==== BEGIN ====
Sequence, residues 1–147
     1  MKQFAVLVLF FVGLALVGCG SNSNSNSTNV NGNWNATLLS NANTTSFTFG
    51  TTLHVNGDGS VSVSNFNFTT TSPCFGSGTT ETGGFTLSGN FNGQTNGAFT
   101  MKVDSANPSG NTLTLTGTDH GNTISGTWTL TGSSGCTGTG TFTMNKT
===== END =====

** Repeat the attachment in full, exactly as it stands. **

Sequence, residues 1–147
     1  MKQFAVLVLF FVGLALVGCG SNSNSNSTNV NGNWNATLLS NANTTSFTFG
    51  TTLHVNGDGS VSVSNFNFTT TSPCFGSGTT ETGGFTLSGN FNGQTNGAFT
   101  MKVDSANPSG NTLTLTGTDH GNTISGTWTL TGSSGCTGTG TFTMNKT